Humane Society aids in evacuating displaced pets
EAST PALESTINE — The Columbiana County Humane Society has filled all of its open kennels — more than 30 of them — and its conference room with pets displaced from the evacuation of East Palestine, and it is still receiving calls about animals left behind in homes, said Executive Director Teresa McGuire.
East Palestine officials Sunday night ordered a mandatory evacuation for a 1-mile area around the site of a train derailment and fire east of East Palestine near the Pennsylvania border. Some 50 cars of a Norfolk Southern train left the tracks around 9 p.m. Friday, including several carrying hazardous materials.
Monday night, emergency crews performed a controlled release of chemicals from five train cars to try to relieve pressure and avoid a large explosion.
McGuire said some families left their homes believing they would be able to return shortly for pets left behind, but were not allowed to do so. On Sunday, Columbiana County Humane Society’s humane agent Erika Rice was able to go into homes and retrieve animals, but by Monday, not even the humane agents were allowed within the evacuation zone.
McGuire said she has since fielded a dozen calls about cats and dogs left in evacuated residences.
“We don’t know what the fallout in that immediate area is, but I imagine it’s not going to be great,” McGuire said, adding that as of Monday night it was unclear when people would be allowed back into the area. “This is kind of an unprecedented situation, so we don’t know what to do expect for the animals left behind right now.”
She said as soon as it is allowed, the humane society will help the animals.
Meanwhile, its shelter at 1825 S. Lincoln Ave., Salem, is full of animals that were evacuated but could not stay with their owners for various reasons. The conference room has been divided into space for small dogs, McGuire said. The shelter also has taken in some very big dogs, including a Cane Corso.
“We’ve actually been cuddling with animals and sending messages and pictures of the animals with our workers (to families), and everybody is saying it makes them feel better,” McGuire said.
The humane society will continue to help pets in any way possible. It has the capacity to take some cats and other small animals like birds, hamsters or guinea pigs, she said. The shelter still has space for dogs outside, but McGuire doesn’t want to put animals outdoors without barriers to protect them from the weather.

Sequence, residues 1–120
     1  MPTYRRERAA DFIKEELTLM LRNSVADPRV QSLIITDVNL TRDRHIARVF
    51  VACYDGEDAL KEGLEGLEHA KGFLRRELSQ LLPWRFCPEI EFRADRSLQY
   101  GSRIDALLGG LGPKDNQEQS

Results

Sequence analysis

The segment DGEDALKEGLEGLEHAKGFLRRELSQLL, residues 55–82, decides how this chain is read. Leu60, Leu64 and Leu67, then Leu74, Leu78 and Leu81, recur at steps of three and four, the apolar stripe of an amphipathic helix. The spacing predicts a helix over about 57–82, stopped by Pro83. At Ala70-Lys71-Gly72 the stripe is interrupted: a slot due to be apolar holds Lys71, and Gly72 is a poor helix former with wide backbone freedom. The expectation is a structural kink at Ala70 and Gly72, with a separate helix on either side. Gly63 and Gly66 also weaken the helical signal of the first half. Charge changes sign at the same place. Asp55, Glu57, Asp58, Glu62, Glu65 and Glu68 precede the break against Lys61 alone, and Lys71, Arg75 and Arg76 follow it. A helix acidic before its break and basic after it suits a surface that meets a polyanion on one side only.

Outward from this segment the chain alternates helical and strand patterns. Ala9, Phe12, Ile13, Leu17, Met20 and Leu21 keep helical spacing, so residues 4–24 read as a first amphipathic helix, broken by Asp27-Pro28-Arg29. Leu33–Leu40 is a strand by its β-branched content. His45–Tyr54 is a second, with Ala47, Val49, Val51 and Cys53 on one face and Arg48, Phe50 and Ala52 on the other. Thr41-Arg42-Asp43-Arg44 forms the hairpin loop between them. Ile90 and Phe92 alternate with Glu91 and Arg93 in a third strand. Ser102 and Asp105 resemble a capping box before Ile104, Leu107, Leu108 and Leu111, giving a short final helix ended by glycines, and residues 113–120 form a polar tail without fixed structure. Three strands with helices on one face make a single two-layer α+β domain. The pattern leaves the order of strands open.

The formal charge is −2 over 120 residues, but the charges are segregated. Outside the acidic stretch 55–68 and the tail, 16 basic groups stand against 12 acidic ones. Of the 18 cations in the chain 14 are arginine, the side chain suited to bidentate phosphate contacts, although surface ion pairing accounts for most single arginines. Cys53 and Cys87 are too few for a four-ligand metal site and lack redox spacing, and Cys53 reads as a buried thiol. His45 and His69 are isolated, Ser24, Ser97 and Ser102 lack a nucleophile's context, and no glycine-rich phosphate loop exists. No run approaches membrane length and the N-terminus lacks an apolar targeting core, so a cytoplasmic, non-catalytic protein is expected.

The humane society is asking for donations of tarps and wind barriers, along with dog food and treats, cat food and treats, straw and chain link fences to help with the influx of animals — many of which didn’t come with food. Donations may be left under the side porch or in the St. Francis donation box at the animal shelter.
The humane society also will accept gladly the help of adult volunteers who can walk dogs, clean or sit with animals, McGuire said.
McGuire said the timing to help displaced animals worked out as the humane society was at a “low tide” with only three animals in its care. The shelter happens to have an area with just three spaces, so the humane society dogs are separated from the owned animals, she said.
Columbiana County Humane Society is a nonprofit not associated with any government that typically responds to complaints of animals being abused, neglected and abandoned.
Those affected by the train derailment who still need assistance with pets can call the humane society at (234) 575-7177 or message it on Facebook at Columbiana County Humane Society.
The Animal Welfare League of Trumbull County is also offering to temporarily shelter cats and dogs displaced by the evacuation and can be reached at (330) 539-5300.
Another organization, Northern Border kennel, 186 Taggart Road, Darlington, Pa., was taking dogs displaced by the evacuation but announced late Sunday that it could not take any more because it also was being evacuated.